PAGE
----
As Savestate’s love for the community grew, so did his love for his main. He continued to make technical discoveries, such as the possibilities behind chain dancing aeriels into their IASA frames and the dimensional arrow. He demonstrates Link’s strange and previously-unknown abilities in his video, Let’s Get Weird: A Link Tech Skill Demonstration, which had “an average of five hours put into each routine’s development and recording.” Throughout the year, Savestate explored the Hero of Time’s frame data and made numerous discoveries—Link’s late down-air into down-smash, jab, or up-B on shield beating shine out of shield along with a rest punish, a strategy against stalling Peach bombers and arrow stalling on Pokémon Stadium are just a few of his findings.
The NC Melee group at Super Smash Con 2016. Photo courtesy of Chapel Hill Melee's Facebook page.
At both Super Smash Con 2017 and 2018, Savestate took tournament sets off of Josh “Fendrick Lamar” Fendrick. Shortly after Super Smash Con 2017, he started going to weeklies in Greensboro. At one of these events, Savestate and his doubles partner managed to land an infinite on Pokémon Stadium despite a transformation occurring mid-way through. All of his practice led him to taking sets off well-established local players like Chris “Bl@ckChris” Nicholas, Peyton “Kackame” Boyd, Collin "Timebones” Benoit, Chris “Tylenol” Pobee-Mensah and Weilin “Weilin” Zou.
Savestate’s insatiable thirst for knowledge once again led him to more discoveries, some of which include Link’s anti-sweetspot edge guard and bomb launching. This new tech yielded excellent bracket results: Savestate placed fifth out of 61 players at North Carolina Melee’s latest New Year’s regional along with beating Anthony “Slime” Bruno—who argued that Link is actually “pretty good” after his defeat—and having a close set with Armand “ARMY” Del Duca at Noods Noods Noods. He heard through the grapevine that even the legendary Kevin “PPMD” Nanney was impressed by the latter. It seems that Savestate is developing a tendency of impressing top players:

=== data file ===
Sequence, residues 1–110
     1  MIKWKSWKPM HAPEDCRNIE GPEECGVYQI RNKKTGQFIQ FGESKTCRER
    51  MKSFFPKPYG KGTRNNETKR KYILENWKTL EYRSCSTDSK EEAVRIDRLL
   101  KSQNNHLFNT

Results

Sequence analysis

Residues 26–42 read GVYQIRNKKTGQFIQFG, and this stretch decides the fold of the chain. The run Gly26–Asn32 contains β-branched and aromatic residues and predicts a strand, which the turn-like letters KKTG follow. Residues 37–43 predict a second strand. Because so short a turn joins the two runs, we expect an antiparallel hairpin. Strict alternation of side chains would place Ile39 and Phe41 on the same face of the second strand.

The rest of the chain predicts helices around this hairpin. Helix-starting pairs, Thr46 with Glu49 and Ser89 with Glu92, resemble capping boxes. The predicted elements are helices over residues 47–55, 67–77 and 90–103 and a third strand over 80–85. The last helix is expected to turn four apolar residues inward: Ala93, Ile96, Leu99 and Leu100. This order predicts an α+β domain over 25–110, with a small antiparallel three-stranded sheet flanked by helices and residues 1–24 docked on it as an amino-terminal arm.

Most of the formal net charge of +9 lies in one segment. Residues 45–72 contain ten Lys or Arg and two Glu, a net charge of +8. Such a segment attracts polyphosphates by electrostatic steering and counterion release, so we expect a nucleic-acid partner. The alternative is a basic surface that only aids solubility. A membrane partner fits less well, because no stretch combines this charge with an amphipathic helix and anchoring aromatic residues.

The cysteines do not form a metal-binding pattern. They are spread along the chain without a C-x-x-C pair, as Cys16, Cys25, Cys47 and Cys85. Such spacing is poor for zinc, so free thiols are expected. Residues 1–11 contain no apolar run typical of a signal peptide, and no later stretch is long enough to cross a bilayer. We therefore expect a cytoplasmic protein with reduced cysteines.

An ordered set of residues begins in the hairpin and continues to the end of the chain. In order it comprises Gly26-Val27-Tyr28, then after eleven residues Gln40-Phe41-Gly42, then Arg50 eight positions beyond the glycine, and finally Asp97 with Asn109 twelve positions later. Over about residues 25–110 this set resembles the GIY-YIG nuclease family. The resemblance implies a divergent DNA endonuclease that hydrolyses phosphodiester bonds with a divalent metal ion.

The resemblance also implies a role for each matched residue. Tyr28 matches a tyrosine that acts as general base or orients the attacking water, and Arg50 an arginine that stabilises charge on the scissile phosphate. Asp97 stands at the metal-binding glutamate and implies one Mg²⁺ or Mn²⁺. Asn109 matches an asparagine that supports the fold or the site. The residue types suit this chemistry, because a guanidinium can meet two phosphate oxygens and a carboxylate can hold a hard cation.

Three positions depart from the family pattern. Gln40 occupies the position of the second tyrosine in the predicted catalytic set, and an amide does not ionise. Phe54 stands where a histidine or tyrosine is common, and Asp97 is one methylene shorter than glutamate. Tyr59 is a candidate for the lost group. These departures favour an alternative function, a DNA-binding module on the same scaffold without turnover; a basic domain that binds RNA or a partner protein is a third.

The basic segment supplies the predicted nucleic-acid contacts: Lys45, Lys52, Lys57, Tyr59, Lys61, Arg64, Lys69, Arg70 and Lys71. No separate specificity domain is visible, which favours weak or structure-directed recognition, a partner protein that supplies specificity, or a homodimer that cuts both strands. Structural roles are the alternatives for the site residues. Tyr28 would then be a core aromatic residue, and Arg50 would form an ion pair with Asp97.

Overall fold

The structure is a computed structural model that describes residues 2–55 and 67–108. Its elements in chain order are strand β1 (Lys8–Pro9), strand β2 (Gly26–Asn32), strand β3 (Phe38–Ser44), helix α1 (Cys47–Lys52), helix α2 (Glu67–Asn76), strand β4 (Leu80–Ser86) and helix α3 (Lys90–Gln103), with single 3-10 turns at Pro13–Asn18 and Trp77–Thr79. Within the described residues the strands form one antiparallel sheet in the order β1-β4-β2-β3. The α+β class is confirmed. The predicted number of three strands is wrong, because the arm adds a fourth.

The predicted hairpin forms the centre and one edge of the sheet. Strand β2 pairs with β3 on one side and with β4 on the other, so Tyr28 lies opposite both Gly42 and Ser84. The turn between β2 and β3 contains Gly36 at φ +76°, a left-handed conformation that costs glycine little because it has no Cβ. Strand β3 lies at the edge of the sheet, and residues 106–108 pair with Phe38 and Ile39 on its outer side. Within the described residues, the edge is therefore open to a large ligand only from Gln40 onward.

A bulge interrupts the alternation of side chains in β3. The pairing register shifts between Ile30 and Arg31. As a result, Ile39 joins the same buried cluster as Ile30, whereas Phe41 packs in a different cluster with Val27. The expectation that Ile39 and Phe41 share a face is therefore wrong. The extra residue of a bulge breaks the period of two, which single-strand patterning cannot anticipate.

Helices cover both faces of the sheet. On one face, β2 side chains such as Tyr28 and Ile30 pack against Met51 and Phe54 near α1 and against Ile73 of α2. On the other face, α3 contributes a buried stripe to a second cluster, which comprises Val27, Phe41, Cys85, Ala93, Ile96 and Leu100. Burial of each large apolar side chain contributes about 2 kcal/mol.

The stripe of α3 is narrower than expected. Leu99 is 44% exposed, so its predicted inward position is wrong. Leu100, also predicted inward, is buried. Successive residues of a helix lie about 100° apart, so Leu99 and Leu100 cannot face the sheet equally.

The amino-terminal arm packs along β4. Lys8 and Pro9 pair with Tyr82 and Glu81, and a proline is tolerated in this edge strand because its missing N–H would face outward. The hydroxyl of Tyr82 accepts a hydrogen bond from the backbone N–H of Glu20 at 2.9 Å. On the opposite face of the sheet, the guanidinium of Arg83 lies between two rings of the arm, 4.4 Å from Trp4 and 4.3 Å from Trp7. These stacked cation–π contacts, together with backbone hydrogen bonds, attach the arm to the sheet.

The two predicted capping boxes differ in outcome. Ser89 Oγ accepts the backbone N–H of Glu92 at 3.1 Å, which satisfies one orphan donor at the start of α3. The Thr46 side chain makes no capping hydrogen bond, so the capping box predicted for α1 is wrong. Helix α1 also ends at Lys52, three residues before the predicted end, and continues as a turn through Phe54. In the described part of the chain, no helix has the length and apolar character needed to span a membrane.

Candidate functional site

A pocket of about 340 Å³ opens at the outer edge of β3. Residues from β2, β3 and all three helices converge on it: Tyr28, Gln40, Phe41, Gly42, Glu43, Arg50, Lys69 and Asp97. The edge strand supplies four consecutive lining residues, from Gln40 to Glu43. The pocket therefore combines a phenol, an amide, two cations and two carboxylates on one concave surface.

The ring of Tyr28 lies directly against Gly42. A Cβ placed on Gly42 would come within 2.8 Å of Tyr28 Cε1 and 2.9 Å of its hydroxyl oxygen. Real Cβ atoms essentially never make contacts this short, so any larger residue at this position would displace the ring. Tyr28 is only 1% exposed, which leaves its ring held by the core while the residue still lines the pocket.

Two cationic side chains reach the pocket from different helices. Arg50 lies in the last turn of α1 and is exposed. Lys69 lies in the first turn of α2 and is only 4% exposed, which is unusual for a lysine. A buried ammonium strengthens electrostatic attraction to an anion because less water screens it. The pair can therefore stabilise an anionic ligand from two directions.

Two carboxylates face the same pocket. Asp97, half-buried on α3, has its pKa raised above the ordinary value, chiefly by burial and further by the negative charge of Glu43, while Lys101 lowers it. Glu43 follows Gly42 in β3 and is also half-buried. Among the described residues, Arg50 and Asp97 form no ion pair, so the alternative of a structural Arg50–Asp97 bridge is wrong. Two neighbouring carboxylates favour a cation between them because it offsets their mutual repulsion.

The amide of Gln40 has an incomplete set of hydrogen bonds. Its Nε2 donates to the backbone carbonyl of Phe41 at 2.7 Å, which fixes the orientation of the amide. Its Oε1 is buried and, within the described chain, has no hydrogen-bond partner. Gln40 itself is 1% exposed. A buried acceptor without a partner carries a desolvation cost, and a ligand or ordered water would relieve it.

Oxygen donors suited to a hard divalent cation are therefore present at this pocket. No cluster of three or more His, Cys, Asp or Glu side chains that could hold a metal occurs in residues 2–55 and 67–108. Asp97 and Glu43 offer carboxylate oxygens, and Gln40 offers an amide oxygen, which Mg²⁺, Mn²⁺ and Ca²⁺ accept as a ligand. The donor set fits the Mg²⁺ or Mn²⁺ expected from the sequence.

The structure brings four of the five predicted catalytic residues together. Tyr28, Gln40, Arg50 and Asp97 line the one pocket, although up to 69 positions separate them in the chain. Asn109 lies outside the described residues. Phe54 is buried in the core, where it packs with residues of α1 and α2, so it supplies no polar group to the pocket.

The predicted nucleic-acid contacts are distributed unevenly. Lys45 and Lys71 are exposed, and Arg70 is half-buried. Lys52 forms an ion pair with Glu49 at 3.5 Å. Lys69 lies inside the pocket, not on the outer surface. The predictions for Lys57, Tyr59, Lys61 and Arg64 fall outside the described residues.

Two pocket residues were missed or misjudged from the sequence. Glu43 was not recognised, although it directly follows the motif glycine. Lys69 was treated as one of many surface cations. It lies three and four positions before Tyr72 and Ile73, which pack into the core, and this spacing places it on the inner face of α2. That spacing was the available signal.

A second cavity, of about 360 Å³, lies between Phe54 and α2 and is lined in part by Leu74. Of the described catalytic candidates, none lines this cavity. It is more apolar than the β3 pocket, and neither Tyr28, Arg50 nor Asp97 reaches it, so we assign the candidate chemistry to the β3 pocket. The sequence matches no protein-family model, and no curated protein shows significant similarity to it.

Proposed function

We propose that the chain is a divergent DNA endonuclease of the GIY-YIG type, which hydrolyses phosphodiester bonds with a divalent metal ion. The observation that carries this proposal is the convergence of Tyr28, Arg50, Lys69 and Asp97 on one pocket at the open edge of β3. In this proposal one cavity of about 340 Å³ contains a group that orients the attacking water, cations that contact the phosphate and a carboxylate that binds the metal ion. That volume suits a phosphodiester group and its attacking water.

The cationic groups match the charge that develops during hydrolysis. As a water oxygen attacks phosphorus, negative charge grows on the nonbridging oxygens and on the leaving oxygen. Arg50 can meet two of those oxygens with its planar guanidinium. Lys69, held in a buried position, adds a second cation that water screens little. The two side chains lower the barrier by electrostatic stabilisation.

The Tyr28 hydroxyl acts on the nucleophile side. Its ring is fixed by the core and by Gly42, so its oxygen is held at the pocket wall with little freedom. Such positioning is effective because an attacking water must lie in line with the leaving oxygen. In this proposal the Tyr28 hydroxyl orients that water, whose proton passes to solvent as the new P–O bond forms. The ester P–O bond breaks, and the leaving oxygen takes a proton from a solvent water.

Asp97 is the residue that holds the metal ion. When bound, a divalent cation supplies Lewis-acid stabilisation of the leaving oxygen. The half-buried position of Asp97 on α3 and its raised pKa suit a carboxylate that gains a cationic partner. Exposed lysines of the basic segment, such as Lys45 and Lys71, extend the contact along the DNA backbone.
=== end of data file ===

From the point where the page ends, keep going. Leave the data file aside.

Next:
In February of this year, Savestate released his second video, Equipped. After unfortunately moving to a Melee deadzone, he began using Action Replay codes in order to use Link on other characters’ target tests. In April, his efforts paid off when he beat Link’s 14-year-old, 3.55 second Break the Targets record:
He plans on getting the time down to 3.50 seconds and will release a video compilation of all the target tests completed with Link.
To stay up-to-date with the latest wacky Link shenanigans, be sure to follow Savestate on Twitter and YouTube. You never know what he’ll share next, like the recently-discovered “deca-grab" or Adam “Armada” Lindgren’s frozen turnip glitch from their set at Super Smash Con 2018. Whatever it is, you won’t want to miss it.